Friday, 20 February 2009
Miss Pettigrew Lives On
I was completely charmed by Miss Pettigrew Lives for a Day. It has no substance but it's not supposed to; it's an enchanting 1930s grown-woman's fairy tale (a Cinderella/rag-to-riches story), which cheers one up immensely. I read the book a year ago and it was a (mostly) faithful adaptation. I thought it was well-cast, well-acted and loyal to the period setting (1930s). I loved how Miss Pettigrew's hunger throughout the day (she has eaten nothing -as she has no money- and drank a lot with no prior experience of having done so) is brought to the screen; the continual accidents where she almost has food but not quite manages to consume it (excluding the cucumbers on her eyes during her make-over) are comic but stress her gnawing hunger for sustenance, of the edible kind and in life. This film (and definitely the book, for that matter) is one to curl up with one afternoon.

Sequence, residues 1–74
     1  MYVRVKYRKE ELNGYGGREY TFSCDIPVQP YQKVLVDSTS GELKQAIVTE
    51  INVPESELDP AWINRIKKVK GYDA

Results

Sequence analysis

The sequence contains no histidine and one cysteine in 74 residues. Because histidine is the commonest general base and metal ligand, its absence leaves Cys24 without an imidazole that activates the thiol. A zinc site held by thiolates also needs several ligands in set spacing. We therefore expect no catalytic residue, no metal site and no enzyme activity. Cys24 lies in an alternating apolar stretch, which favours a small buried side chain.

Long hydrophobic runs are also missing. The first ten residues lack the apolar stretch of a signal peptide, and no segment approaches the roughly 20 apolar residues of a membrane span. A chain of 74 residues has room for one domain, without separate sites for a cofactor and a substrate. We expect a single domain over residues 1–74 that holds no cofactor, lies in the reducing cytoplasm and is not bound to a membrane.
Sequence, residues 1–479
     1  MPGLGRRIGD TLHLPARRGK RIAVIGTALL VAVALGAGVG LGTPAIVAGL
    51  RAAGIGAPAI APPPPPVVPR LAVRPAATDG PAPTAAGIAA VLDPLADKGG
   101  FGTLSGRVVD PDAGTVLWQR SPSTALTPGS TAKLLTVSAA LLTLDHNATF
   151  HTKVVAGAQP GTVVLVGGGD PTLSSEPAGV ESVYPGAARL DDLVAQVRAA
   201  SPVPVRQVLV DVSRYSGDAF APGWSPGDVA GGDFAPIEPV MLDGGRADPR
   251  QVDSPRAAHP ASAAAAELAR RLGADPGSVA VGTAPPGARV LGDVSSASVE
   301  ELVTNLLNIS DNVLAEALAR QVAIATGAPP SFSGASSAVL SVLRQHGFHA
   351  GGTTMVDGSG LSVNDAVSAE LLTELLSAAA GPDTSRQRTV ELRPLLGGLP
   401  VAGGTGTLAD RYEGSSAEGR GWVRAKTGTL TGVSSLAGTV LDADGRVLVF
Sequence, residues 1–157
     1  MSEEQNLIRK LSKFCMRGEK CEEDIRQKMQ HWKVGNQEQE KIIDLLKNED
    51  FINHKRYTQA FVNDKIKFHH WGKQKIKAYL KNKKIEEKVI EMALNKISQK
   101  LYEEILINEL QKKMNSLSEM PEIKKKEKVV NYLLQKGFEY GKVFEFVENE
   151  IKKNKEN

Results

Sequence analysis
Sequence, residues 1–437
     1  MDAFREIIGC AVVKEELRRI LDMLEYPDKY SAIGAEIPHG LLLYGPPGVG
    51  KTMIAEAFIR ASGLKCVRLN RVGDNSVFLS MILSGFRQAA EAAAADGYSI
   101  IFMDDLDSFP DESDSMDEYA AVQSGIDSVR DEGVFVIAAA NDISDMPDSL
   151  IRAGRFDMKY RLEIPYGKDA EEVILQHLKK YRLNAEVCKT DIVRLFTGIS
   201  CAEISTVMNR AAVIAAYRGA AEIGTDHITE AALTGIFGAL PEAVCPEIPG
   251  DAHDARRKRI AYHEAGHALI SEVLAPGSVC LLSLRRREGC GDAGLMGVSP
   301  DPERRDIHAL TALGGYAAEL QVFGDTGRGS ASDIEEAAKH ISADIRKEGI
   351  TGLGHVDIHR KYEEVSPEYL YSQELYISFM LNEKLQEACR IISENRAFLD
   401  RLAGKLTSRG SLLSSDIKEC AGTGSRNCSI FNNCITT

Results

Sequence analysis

Miss Pettigrew Lives for a Day was the first of many Persephone Books I purchased, although I did buy it in the classic edition rather than the ubiquitous and lovely dove-grey covers (a few of which now grace my bookshelves and will feature here, at some point, if I can discipline myself to maintain the blog) for which Persephone is renowned. A love-affair with a wonderful collection of forgotten and neglected texts ensued after reading the romantic and humorous Miss Pettigrew. Persephones are light, absorbing and beautiful reads and I highly recommend them as many a day can be whiled away reading them.